in: Reviews

June 14, 2011

Delightful Operatic Miniature from Mondonville

by

One of the many delights of the annual Boston Early Music Festival is the series of “Fringe Concerts” produced by a wide variety of soloists and ensembles. These concerts provide some of the best opportunities to sample Boston’s own crop of homegrown early music performers, as well as visiting artists. First Church Boston hosted the June 13 performance of Jean-Joseph Cassanéa de Mondonville’s delightful operatic miniature, “Bacchus et Erigone. The performance showcased the Harvard Early Music Society and was part of Early Music America’s Young Performers Festival, a new initiative featuring early music performances from college and university ensembles.

“Bacchus et Erigone” is the second act of the opéra-ballet Les fêtes de Paphos, which premiered in Paris in 1758. A different librettist contributed each of the three acts, but they all present vignettes from the classic love stories in ancient Greek mythology: Venus and Adonis; Bacchus and Erigone; and Cupid and Psyche. Mondonville (c. 1711-1772), whose reputation in modern times has been overshadowed by Rameau, was a gifted composer and enjoyed the patronage of Mme. Pompadour in Paris as well as many other prestigious posts. While a rather flighty story, the score for “Bacchus et Erigone” reveals a composer very at home with styles of the later French Baroque, but who readily integrated more contemporary and “foreign” styles.

All four soloists were very good, but the clearest lines and most stylistically nuanced performances came from Claire Raphaelson as Erigone and Owen McIntosh as Mercury. The opening aria presented a slight balance issue between Raphaelson and the orchestra, but it is a sign of the careful direction of Edward Jones that this was quickly remedied and did not arise for the rest of the performance. The music for Erigone is vigorously diverse, and Raphaelson easily transitioned between the sweet lyricism of “Dieux de Cythère, enchantés ce séjour” (Gods of Cythera, enchant this place) to the more rousing and vivacious energy of her closing aria, “Cessez, guerriers, cessez …” (Warriors, desist…). The final aria was particularly remarkable as she skillfully brought more energy and verve to each reiteration of the “Cessez” text, lending a charming sense of chutzpah to the character. Ulysses Thomas provided a solid and musical performance as Bacchus, but seemed less comfortable with some of the ornamentation and dramatic gesture. Thomas’s vocal strength was a boon to the active and tuneful arias, and his duet “Amour, lance tes traits” (Love, loose your arrows) with Raphaelson was lovely and well balanced. The florid duet between Jacob Cooper as Comus, Bacchus’ son, and McIntosh was also a highlight of the performance, as both singers skillfully navigated the melismatic and virtuosic score.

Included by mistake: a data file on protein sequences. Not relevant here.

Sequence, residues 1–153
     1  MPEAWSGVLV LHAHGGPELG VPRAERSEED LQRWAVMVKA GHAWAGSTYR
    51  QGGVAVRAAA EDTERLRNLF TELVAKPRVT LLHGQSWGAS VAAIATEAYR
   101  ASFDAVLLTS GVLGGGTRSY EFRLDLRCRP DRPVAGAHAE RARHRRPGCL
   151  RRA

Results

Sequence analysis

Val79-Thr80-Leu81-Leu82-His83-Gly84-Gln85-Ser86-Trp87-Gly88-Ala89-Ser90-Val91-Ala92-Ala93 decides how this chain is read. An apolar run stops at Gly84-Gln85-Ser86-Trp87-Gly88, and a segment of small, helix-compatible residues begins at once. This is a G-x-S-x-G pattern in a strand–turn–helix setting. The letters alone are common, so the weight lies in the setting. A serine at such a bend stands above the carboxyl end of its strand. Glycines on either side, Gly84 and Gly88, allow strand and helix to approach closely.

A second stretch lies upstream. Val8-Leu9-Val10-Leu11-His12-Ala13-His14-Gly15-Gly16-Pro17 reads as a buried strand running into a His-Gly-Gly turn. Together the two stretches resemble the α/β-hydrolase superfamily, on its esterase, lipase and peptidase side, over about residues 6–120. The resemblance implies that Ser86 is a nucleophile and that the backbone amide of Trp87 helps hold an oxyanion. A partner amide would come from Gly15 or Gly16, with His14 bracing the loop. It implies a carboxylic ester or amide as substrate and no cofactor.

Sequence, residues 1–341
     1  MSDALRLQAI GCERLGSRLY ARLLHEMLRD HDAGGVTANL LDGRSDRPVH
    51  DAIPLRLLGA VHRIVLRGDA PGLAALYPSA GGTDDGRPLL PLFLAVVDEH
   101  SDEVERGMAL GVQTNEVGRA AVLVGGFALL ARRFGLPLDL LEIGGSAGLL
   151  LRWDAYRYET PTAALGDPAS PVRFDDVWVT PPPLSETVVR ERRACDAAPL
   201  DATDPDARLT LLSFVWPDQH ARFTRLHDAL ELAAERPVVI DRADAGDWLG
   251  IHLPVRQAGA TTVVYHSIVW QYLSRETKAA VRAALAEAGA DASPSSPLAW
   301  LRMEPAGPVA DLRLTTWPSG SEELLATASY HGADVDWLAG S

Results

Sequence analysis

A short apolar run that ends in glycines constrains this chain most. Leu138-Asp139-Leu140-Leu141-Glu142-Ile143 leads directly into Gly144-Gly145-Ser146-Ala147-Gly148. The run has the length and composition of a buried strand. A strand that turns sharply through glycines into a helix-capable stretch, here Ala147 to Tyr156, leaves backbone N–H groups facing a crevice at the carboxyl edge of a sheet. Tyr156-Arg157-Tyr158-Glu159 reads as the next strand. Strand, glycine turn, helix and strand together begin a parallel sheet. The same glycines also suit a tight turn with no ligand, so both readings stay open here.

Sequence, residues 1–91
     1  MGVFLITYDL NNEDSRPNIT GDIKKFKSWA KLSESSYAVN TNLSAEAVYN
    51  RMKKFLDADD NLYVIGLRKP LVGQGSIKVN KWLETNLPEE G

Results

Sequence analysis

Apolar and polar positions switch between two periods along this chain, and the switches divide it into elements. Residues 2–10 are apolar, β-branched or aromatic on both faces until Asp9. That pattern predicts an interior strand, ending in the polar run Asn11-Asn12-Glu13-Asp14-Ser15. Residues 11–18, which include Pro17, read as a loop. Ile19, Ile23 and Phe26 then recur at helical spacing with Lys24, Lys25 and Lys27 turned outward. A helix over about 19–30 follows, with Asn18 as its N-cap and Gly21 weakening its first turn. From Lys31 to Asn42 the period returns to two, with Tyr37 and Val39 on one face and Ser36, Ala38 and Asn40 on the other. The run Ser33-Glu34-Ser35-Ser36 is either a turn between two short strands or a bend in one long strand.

The chorus, too, was excellent, illuminating the more contemporary sound in “La victoire voie à ta voix” (Victory answers your summons), charming text painting in “L’Amour suit cet objet charmant” (Love follows this charming being), and elegant phrasing in “Chantons dans nos fêtes charmantes” (In our charming festivals). The Harvard Baroque Chamber Orchestra played well throughout, with a good sensitivity to the difference between obbligato and continuo roles. The strings carried the orchestra, deftly switching between precisely articulated dotted rhythms and more lyrical and legato lines. The winds were not consistently reliable, but moments such as the flute duet with Erigone in “Dieux de Cythère” revealed skilled and sensitive players.

The final moments of the short opera featured a suite of dances, which, in addition to some of the interludes, showcased the musicality of the orchestra. The final tambourin, choreographed by Ken Pierce, was a delightful way to close the hour, and transform the rather modern setting of First Church Boston into an elegant Parisian théâtre of yesteryear.

Rebecca Marchand holds a Ph.D. in Musicology from the University of California, Santa Barbara and serves on the faculty of Longy School of Music and Boston Conservatory.

 

Share

No Comments

No comments yet.

RSS feed for comments on this post.

Sorry, this comment forum is now closed.